With regulatory changes on the horizon, and as financial institutions are examining possible impending regulations on how to best implement the national AML priorities we described last year in our advisory with our partner, Sigma Ratings, compliance professionals are weighing their firms’ exposure to the specified government priorities, checking their controls, and adjusting risk assessments. This year’s Association of Certified Anti-Money Laundering Specialists (ACAMS) annual conference put a heavy focus on FinCEN priorities released last year. The technical deadline for proposed regulations to address these priorities was the end of 2021, but the new rules have not yet been issued. Proposed rules could be issued in the coming weeks, along with a requirement that all AML programs be “effective and reasonably designed.”
Scrutiny by regulators for AML/CFT failures by banks and financial institutions will almost certainly increase. The seven largest AML bank fines last year show that compliance professionals need to monitor politically exposed persons (PEP) accounts and use transaction monitoring to detect suspicious activity and abnormal behavior. Compliance experts must also check counter-fraud, antibribery, and corruption controls and monitor both internal and external risks, review high-value transactions from high-risk customers, and cautiously verify the true identity of customers to comply with AML regulations.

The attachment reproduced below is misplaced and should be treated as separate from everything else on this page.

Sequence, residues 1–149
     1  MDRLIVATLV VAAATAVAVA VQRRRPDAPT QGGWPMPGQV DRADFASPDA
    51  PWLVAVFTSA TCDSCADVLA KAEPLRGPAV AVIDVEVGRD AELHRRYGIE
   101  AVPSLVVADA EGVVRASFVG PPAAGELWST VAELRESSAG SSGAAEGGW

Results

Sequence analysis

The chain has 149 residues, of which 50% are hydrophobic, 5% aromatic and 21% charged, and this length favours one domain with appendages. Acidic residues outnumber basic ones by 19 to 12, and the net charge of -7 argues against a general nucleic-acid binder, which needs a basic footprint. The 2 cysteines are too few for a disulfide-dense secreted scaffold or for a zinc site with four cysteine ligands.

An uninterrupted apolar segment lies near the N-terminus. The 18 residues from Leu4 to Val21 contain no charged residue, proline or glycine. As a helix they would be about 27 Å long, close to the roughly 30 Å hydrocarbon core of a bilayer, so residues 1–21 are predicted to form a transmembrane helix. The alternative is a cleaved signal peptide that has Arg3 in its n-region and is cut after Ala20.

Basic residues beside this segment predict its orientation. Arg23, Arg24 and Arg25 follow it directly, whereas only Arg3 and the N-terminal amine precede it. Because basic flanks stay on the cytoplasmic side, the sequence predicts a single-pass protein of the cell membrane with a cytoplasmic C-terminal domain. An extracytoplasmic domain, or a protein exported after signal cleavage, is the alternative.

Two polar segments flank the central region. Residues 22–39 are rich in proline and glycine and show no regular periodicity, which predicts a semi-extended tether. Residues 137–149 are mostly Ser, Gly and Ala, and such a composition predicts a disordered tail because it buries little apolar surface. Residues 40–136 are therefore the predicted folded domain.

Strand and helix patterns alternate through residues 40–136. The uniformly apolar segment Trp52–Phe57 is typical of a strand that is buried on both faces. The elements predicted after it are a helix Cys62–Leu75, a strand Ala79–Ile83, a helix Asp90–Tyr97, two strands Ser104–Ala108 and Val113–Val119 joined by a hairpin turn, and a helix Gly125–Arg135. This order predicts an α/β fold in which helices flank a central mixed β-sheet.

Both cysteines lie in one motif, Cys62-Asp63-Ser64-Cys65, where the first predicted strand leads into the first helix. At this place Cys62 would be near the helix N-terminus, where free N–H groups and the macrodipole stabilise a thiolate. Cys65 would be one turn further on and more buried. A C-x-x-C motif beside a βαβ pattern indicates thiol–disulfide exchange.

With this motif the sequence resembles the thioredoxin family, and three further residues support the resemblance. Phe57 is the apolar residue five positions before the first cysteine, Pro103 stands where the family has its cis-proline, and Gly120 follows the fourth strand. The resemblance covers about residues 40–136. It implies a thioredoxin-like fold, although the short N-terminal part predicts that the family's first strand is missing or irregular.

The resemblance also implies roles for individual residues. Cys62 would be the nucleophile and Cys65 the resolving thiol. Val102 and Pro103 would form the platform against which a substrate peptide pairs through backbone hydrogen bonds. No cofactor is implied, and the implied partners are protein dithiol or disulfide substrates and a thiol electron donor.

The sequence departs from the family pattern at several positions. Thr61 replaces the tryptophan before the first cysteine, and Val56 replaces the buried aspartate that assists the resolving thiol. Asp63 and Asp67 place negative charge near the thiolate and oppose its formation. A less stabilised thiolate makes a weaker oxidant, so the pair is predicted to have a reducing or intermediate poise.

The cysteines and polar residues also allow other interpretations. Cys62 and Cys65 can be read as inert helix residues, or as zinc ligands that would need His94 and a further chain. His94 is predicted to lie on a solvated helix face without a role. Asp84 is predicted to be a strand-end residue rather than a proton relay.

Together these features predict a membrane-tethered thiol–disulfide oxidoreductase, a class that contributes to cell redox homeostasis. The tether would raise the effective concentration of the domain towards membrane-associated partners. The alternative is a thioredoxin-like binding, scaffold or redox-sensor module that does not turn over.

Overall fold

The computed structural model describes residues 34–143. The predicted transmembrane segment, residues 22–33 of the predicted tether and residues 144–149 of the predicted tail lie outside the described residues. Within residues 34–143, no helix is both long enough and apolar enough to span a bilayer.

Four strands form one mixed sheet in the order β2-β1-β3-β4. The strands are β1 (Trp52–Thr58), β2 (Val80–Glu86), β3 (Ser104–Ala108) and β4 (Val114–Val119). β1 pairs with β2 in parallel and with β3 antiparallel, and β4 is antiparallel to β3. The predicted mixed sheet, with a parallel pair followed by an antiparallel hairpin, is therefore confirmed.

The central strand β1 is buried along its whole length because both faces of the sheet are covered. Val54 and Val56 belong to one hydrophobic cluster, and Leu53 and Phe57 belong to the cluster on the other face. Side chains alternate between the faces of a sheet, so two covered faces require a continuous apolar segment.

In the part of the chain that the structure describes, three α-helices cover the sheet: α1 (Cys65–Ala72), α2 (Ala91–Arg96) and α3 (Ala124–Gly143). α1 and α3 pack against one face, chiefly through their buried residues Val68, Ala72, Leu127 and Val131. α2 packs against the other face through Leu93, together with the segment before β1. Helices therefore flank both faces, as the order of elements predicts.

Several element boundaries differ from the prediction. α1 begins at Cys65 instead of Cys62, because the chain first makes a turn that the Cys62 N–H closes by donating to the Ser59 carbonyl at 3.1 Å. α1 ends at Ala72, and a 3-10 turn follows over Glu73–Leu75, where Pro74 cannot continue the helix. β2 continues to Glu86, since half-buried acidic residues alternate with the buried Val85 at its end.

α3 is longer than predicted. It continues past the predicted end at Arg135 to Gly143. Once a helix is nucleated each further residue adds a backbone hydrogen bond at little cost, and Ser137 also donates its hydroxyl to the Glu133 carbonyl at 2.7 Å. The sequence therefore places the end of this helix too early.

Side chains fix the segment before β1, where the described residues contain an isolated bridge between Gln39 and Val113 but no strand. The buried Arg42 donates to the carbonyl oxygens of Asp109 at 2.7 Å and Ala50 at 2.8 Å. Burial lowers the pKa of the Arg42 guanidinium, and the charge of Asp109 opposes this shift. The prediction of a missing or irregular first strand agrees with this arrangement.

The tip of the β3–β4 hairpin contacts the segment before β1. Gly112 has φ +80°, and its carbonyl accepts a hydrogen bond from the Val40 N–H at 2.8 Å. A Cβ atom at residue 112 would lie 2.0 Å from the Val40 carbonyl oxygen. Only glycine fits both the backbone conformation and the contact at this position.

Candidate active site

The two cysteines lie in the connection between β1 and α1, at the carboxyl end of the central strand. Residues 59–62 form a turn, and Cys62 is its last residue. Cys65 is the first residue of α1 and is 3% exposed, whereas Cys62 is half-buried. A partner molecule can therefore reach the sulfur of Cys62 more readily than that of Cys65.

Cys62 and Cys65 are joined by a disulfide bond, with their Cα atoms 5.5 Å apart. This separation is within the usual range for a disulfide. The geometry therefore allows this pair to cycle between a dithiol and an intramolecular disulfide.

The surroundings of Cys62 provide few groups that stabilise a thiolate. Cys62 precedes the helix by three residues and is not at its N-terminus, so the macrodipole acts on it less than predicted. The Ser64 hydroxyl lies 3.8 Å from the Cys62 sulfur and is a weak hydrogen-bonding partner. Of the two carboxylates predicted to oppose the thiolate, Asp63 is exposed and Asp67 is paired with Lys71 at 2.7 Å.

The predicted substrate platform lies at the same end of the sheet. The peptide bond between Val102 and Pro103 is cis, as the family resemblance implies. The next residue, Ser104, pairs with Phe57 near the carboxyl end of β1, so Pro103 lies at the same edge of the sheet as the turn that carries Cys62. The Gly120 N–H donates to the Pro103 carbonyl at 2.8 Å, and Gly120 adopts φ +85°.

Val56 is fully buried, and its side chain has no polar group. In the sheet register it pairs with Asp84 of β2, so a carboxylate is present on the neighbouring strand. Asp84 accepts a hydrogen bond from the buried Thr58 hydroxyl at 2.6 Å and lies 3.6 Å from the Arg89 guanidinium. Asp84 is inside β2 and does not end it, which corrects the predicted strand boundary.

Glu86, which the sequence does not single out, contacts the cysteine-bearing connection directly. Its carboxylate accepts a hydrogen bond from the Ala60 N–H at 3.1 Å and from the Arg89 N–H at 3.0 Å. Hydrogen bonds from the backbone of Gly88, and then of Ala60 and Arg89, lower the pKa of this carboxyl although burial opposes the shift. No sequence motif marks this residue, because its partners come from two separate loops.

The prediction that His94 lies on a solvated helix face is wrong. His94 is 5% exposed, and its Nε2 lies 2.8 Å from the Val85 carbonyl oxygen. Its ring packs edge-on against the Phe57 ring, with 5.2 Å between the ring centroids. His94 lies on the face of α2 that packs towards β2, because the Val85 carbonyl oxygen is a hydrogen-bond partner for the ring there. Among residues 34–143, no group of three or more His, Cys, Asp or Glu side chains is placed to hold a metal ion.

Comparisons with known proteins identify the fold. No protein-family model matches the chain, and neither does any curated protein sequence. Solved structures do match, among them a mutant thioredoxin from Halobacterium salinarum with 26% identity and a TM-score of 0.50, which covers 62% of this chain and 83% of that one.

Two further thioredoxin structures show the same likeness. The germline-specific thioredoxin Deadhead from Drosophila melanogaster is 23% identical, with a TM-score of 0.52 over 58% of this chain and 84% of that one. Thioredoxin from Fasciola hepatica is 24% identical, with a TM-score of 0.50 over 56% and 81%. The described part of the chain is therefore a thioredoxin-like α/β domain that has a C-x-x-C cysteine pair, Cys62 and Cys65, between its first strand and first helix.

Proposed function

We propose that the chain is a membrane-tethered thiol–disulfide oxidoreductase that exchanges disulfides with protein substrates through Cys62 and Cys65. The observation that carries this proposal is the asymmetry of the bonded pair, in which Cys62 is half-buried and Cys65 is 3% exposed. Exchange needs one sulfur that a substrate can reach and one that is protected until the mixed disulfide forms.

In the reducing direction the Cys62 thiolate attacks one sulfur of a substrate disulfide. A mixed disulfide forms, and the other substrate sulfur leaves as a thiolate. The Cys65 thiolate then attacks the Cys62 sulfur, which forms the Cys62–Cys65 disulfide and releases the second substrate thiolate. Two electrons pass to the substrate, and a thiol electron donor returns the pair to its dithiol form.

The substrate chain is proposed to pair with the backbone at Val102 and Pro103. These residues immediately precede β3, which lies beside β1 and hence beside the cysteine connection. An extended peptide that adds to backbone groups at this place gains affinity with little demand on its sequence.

Fraud and Abuse
The Justice Department announced indictments this week against four Russian government employees who targeted energy sector systems in 135 countries in a hacking campaign that lasted several years. The indictment charges that Evgeny Gladkikh, who worked at a Russian Defense Ministry research institute, conspired with others to damage critical infrastructure outside the United States, causing emergency shutdowns at one foreign facility. The FSB’s 16th Center—also known by their hacker group pseudonyms “Energetic Bear,” “Berserk Bear,” and “Crouching Yeti”—have also been indicted by the FBI for targeting the systems controlling the Wolf Creek nuclear power plant in Kansas in 2017.
The Manhattan District Attorney has charged a former party organizer with laundering $2.7 million in Bitcoin and cash to help multiple clients obscure the origins of illegal proceeds. Between January 2018 and August 2021, Thomas Spieker converted more than $2.3 million into Bitcoin, as well as more than $380,000 of Bitcoin into US dollars, via “a rotating set of accomplices” who opened bank and crypto exchange accounts to enable the laundering of “criminal proceeds.” The money laundering network helped drug traffickers, an organized crime group, and scammers launder funds and transmit proceeds of crime around the globe.